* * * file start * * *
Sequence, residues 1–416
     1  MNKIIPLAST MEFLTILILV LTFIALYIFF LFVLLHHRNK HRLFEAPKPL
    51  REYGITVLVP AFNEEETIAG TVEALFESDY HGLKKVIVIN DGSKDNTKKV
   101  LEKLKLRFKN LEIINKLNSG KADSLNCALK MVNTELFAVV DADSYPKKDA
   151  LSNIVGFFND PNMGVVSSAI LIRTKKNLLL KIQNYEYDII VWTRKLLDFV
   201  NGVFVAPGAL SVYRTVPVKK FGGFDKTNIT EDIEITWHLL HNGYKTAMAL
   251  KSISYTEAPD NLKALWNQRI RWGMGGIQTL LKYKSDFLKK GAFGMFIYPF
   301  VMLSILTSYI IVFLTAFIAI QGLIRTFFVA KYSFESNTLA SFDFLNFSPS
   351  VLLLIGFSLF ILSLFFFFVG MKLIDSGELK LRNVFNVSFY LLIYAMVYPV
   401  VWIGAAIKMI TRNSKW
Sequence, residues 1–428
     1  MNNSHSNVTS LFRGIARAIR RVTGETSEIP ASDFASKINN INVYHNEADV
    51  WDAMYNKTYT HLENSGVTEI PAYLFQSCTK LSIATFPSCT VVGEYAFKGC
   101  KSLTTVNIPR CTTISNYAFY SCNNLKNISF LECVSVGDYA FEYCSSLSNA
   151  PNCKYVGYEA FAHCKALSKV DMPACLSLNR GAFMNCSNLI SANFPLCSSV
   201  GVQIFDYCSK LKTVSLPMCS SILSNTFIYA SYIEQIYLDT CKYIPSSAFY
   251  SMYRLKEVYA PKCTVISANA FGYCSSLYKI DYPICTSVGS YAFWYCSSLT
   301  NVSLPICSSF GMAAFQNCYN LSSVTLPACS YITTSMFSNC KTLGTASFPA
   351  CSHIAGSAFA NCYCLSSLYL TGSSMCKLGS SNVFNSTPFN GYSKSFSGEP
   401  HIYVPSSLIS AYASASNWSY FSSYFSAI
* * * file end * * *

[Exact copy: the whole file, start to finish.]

Sequence, residues 1–416
     1  MNKIIPLAST MEFLTILILV LTFIALYIFF LFVLLHHRNK HRLFEAPKPL
    51  REYGITVLVP AFNEEETIAG TVEALFESDY HGLKKVIVIN DGSKDNTKKV
   101  LEKLKLRFKN LEIINKLNSG KADSLNCALK MVNTELFAVV DADSYPKKDA
   151  LSNIVGFFND PNMGVVSSAI LIRTKKNLLL KIQNYEYDII VWTRKLLDFV
   201  NGVFVAPGAL SVYRTVPVKK FGGFDKTNIT EDIEITWHLL HNGYKTAMAL
   251  KSISYTEAPD NLKALWNQRI RWGMGGIQTL LKYKSDFLKK GAFGMFIYPF
   301  VMLSILTSYI IVFLTAFIAI QGLIRTFFVA KYSFESNTLA SFDFLNFSPS
   351  VLLLIGFSLF ILSLFFFFVG MKLIDSGELK LRNVFNVSFY LLIYAMVYPV
   401  VWIGAAIKMI TRNSKW
Sequence, residues 1–428
     1  MNNSHSNVTS LFRGIARAIR RVTGETSEIP ASDFASKINN INVYHNEADV
    51  WDAMYNKTYT HLENSGVTEI PAYLFQSCTK LSIATFPSCT VVGEYAFKGC
   101  KSLTTVNIPR CTTISNYAFY SCNNLKNISF LECVSVGDYA FEYCSSLSNA
   151  PNCKYVGYEA FAHCKALSKV DMPACLSLNR GAFMNCSNLI SANFPLCSSV
   201  GVQIFDYCSK LKTVSLPMCS SILSNTFIYA SYIEQIYLDT CKYIPSSAFY
   251  SMYRLKEVYA PKCTVISANA FGYCSSLYKI DYPICTSVGS YAFWYCSSLT
   301  NVSLPICSSF GMAAFQNCYN LSSVTLPACS YITTSMFSNC KTLGTASFPA
   351  CSHIAGSAFA NCYCLSSLYL TGSSMCKLGS SNVFNSTPFN GYSKSFSGEP
   401  HIYVPSSLIS AYASASNWSY FSSYFSAI